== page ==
Who needs doping?
Eleven school students in the National School Games have tested positive for banned substances. Experts warn of serious long-term health complications due to doping.education Updated: Feb 01, 2012 14:22 IST
Last week’s revelation of 11 school children testing positive for banned substances during the National School Games in New Delhi set alarm bells ringing. This was the first time that India’s National Anti-Doping Agency (NADA) conducted dope tests on school children at the national level (they had initiated it at the Kerala State School Athletics Championship recently). NADA decided to cover schools following doping-related complaints received from the media and parents, say officials.
Of the 81 samples collected, 11 tested positive for furosemide (diuretic), methylhexaneamine (stimulant), stanozolol (steroid), nandrolone (steroid), and THC (marijuana), all prohibited by the World Anti-Doping Agency.
Possible harmful effects from these drugs range from trembling of hands (most common), infertility, liver and kidney dysfunction, tumour, prostate cancer, male pattern baldness in women, and heart-rhythm disorders to hallucination and impaired balance. “We got alarmed because it’s (doping) starting at 12-13 years onward. We immediately wrote to the school boards, like the CBSE, CISCE and state ones, urging them to include (some rules) in their agenda to give directions to schools,” says Rahul Bhatnagar, director general, NADA. “They could organise at least one lecture in two-three months to highlight the harmful effects of doping.”
Experts warn of serious health complications due to doping in the long run. “High doses over a long period can destroy your metabolism and impact your blood and bone health,” says Deepak Chaudhary, director, Sports Injury Centre, Safdarjung Hospital, New Delhi.
The main cause of such rampant doping is the lack of awareness among young sportspersons. Yuki Bhambri, a tennis champ, says: “I feel sorry for these children... I believe most of the time they take what is advised by their trainer or coach. Many of them (trainees) are clueless about the medical consequences.”
Bhambri says he doesn’t take antibiotics unless prescribed by the doctor and he prefers consulting his physio-therapist on the tour.
Some attempts have now been made to reach out to the players. NADA distributed about 500 copies of its doping control handbook titled Play Fair, available in English and Hindi, at the National School Games in New Delhi, where India’s first doping cases among children came to light. The handbook, first put out in 2009 and revised in 2011, is now being translated into Telugu, Tamil and Malayalam, informs V Jayaraman, senior project manager, NADA. The agency also gives out pamphlets in English, Hindi and Malayalam, the latter distributed at the Kerala State School Athletics Championship, “because that southern state produces many sportspersons”.
Bhambri says, “There have been many instances in tennis. So, I have read about them and our international association does always send us a circular – that is the only reason I know. There is a book published and given out at many tournaments but it just mentions chemical names and it is difficult to know if any of the medications, for example, a cough syrup, have any of those or not. But I don’t think any coach in India really knows which medications or substances are banned. They are not officially required to know and it would be great if they were asked to be informed on the subject.”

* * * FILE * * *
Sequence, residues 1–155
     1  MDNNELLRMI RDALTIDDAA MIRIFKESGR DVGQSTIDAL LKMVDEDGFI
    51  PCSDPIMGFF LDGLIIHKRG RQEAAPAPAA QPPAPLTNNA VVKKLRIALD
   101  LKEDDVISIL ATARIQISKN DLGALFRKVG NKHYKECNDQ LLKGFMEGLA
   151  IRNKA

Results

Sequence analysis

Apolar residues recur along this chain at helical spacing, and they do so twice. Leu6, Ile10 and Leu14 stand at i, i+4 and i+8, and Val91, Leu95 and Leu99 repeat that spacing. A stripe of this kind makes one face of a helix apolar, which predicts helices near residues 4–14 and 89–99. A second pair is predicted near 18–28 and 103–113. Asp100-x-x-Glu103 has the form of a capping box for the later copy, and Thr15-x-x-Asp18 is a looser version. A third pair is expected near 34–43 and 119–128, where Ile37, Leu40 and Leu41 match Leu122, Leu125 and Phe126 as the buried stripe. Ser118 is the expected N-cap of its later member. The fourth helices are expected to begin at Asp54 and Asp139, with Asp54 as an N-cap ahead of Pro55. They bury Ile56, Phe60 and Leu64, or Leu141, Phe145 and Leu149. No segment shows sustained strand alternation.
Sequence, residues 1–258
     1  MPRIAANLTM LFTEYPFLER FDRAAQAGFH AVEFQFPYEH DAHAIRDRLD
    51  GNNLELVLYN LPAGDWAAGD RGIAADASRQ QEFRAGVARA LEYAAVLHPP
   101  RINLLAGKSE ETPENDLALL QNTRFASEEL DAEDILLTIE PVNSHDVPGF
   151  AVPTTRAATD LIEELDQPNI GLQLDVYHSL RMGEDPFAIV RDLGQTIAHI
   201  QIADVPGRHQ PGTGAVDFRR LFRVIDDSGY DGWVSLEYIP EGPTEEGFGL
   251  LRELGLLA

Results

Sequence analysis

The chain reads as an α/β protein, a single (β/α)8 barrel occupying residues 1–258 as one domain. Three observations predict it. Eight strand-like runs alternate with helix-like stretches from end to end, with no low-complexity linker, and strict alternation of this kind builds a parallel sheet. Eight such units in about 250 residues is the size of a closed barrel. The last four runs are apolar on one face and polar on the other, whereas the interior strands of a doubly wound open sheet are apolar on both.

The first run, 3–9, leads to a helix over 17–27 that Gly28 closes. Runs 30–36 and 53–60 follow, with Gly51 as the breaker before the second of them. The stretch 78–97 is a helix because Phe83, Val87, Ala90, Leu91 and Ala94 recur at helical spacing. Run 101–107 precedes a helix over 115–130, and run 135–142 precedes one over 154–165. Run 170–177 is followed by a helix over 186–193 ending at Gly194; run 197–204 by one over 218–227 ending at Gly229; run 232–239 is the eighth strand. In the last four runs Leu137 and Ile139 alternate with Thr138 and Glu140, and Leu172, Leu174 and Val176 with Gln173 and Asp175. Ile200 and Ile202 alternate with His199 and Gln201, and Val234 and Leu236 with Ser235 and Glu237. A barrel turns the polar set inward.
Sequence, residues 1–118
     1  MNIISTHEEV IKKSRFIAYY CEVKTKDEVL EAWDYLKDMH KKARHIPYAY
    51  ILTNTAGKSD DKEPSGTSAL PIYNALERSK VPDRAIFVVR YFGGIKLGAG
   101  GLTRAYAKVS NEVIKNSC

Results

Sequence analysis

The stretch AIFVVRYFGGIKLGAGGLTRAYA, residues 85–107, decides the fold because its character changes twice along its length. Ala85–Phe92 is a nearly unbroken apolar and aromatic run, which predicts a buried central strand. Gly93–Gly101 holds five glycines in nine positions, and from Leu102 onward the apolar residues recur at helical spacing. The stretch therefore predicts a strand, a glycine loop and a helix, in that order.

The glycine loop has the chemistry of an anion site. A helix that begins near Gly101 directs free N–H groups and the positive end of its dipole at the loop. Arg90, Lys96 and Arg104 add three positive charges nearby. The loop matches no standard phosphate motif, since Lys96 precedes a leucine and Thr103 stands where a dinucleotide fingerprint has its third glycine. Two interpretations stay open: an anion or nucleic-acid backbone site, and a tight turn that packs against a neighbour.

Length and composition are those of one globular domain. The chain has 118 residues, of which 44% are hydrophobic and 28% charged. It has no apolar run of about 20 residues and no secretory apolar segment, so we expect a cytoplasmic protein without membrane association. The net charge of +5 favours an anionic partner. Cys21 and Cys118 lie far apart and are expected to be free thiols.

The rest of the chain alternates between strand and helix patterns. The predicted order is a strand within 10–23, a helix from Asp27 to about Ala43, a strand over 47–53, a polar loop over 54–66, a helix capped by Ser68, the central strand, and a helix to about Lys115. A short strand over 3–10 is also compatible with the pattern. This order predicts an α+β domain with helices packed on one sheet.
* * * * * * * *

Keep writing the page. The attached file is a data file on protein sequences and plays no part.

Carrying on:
According to JS Naruka, national coordinator and accredited course director of the sports administrators’ programme of the International Olympic Committee (IOC), Lausanne, only about 5% of the students will be aware of the dos and don’ts related to prohibited substances.
For the past six years, the IOC-accredited sports administrators’ programme has not been organised due to the Commonwealth Games in Delhi, Naruka says. About one-sixth of the 35-hour programme is devoted to doping. However, he adds, they have received communication from the IOC approving four of these courses to be held in India, starting September 2012.
Satpal, president, National School Games Federation, says that school students need to be made aware of the matter as this is the level at which the base of the country’s sporting talent is created. He adds that even coaches don’t have the requisite information about listed drugs, though he says that some might have it if it’s available on the NADA website. He says they are taking the doping issue “seriously”.
All for power
According to a NADA official, cases of doping are noticed most in power sports such as athletics (in which abuse is more likely for a 100-m race than 5000-m one), short put, weightlifting, javelin throw, hammer throw, wrestling, boxing, cycling and swimming. At the Delhi event, NADA collected samples from weightlifters, boxers and wrestlers only because the others were in team events, says an official. “We have to create awareness and instil fear”, about the consequences of doping, says V Jayaraman of NADA.
Penalty: First-time offence can lead to a two-year ban from participation in the sport; a second-time offence to a lifetime ban
The harm doping does
Some of the side effects of banned substances
Oedema in lower limbs, low BP, dizziness due to low BP, loss of electrolytes from the body, which causes tremors and cramps
Greasy skin and acne, infertility hypertension, liver and kidney dysfunction, tumours
Trembling, restlessness, aggressive behaviour, anxiety, muscle cramps
Loss of appetite, insomnia (loss of sleep), euphoria, hallucinations (psychosis),trembling, restlessness, agitation, tenseness, hypertension palpitation and heart-rhythm disorders, hyperthermia (increased body temperature)
Impaired balance and coordination,loss of concentration increase in heart rate,increased appetite,drowsiness, hallucinations (main ill-effect)